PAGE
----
Fiji’s New Constitution Fails to Protect Fundamental Human Rights

Press Release
September 4, 2013

Fiji’s New Constitution Fails to Protect Fundamental Human Rights

Contact: Sharon Singh, ssingh@aiusa.org, 202-675-8579, @AIUSAmedia

(WASHINGTON, D.C.) - Fiji's proposed new constitution falls far short of international standards of human rights law and is another step backwards in guaranteeing human rights protection for all, Amnesty International said.

The draft constitution will be sent to the President Ratu Epeli Nailatikau for assent on September 6.

"Contrary to the claims of Fiji's government over the last few months, the new constitution actually weakens human rights protections in the country,” said Isabelle Arradon, Amnesty International's deputy Asia Pacific director.

The current text upholds decrees that severely restrict free speech and grants the state the power to detain people (potentially indefinitely) without charge or trial in times of emergency. It also gives state officials immunity for a wide range of acts, including crimes under international law, such as torture.

"The new constitution not only erodes basic human rights for the people of Fiji, but grants military, police and government officials absolute immunity for past, present and future human rights violations," said Arradon. "This will only serve to allow the perpetrators of serious crimes to act with impunity."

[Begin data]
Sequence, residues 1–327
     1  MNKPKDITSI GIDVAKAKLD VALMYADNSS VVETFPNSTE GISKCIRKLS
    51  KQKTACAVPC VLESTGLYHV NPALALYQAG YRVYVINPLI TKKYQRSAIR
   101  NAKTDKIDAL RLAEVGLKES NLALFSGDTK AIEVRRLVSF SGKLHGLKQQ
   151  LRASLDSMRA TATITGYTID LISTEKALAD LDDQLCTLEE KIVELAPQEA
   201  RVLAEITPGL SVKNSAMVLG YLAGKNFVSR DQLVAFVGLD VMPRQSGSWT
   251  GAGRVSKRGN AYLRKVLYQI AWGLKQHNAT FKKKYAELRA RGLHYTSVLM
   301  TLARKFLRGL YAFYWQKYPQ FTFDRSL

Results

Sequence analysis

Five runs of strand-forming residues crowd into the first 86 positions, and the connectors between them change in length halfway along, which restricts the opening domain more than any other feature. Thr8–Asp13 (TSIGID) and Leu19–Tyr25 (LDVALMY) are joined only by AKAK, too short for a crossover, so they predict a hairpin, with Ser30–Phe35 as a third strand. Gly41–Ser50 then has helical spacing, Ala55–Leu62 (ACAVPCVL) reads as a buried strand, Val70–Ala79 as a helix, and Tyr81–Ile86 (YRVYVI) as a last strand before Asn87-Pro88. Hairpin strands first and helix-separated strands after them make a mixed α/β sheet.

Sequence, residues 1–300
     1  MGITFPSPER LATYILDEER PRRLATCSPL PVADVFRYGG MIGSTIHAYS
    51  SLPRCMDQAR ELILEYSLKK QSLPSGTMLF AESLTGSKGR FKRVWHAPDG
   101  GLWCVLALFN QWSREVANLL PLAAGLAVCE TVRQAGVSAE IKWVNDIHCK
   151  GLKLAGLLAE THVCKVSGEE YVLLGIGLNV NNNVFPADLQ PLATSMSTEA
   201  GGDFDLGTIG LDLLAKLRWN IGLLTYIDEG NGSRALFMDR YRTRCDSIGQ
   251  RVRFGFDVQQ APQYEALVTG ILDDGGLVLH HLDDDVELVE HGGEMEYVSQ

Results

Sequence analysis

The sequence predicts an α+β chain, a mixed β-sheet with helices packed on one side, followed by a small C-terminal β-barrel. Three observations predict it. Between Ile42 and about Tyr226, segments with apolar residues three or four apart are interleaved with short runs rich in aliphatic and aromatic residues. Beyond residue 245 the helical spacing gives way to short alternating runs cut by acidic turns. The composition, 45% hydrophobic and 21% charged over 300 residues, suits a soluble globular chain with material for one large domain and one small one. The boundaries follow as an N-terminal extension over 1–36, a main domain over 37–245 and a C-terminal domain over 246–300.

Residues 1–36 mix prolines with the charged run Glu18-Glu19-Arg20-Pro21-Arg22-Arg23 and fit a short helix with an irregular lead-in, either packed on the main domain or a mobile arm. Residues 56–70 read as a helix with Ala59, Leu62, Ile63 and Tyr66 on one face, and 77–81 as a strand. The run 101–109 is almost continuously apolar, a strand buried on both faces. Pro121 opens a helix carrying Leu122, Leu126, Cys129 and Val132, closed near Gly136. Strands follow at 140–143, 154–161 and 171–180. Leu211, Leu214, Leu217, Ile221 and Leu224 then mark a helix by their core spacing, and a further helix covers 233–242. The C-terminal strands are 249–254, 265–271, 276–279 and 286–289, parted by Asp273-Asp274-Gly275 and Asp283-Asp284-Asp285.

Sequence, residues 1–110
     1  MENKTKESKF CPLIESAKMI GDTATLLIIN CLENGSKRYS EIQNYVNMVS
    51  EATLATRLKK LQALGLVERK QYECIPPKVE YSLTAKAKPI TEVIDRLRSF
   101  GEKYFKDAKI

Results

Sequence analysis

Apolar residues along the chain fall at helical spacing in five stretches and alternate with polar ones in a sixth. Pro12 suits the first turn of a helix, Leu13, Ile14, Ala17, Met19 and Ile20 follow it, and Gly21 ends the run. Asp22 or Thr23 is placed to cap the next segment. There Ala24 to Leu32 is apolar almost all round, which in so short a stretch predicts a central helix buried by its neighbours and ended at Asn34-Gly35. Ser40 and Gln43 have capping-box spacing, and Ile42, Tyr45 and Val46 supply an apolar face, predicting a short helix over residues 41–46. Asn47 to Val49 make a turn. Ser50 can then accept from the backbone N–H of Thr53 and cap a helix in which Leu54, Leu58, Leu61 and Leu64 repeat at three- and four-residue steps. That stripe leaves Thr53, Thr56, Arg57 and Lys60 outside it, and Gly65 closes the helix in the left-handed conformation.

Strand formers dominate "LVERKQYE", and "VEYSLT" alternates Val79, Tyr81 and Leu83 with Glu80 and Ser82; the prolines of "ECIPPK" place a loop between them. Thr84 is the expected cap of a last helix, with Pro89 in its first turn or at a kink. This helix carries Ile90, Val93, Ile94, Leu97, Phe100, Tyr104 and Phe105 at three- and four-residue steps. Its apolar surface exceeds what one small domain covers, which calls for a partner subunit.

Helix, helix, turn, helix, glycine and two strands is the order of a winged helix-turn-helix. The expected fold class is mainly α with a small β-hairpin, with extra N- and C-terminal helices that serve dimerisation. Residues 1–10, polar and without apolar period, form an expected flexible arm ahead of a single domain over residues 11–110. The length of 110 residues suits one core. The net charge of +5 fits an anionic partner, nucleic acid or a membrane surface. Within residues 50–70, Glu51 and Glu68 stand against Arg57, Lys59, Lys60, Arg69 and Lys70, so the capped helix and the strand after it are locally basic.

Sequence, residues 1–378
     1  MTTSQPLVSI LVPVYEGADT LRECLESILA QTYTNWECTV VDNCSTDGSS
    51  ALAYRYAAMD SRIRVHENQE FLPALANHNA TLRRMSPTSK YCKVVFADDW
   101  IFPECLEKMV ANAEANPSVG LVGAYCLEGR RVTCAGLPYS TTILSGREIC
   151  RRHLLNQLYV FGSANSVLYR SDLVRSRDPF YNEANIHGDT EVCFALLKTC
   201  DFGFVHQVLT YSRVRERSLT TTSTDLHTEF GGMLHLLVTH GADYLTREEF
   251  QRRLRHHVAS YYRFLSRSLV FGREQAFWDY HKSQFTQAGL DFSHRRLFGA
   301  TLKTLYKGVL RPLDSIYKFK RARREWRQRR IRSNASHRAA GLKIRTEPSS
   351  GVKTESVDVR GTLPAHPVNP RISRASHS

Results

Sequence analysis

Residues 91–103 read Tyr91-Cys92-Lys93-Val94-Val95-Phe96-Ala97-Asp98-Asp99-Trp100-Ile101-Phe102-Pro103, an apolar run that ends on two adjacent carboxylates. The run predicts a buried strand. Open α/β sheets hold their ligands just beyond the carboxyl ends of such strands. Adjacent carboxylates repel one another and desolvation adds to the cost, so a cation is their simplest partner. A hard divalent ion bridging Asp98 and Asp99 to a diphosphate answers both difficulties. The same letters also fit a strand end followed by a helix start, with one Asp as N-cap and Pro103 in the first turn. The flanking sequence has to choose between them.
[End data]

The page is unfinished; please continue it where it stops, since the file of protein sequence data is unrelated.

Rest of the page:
Amnesty International has repeatedly raised a number of serious concerns about the draft text since it was first released in April 2013. Although some amendments were made, many of these concerns have not been adequately addressed in the final draft of the constitution due to receive presidential assent on Friday.

Despite the revised constitution, Fiji will remain subject to draconian decrees implemented since the 2006 military coup.

Amnesty International documented a number of human rights violations occurring under emergency regulations in place from April 2009 to January 2011 in its 2009 report, Fiji: Paradise Lost.

"The international community must not allow themselves to be misled by the government's claims," said Arradon. "They should push the Fiji government to take genuine steps towards respecting and protecting human rights for all."

Amnesty International is a Nobel Peace Prize-winning grassroots activist organization with more than 3 million supporters, activists and volunteers in more than 150 countries campaigning for human rights worldwide. The organization investigates and exposes abuses, educates and mobilizes the public, and works to protect people wherever justice, freedom, truth and dignity are denied.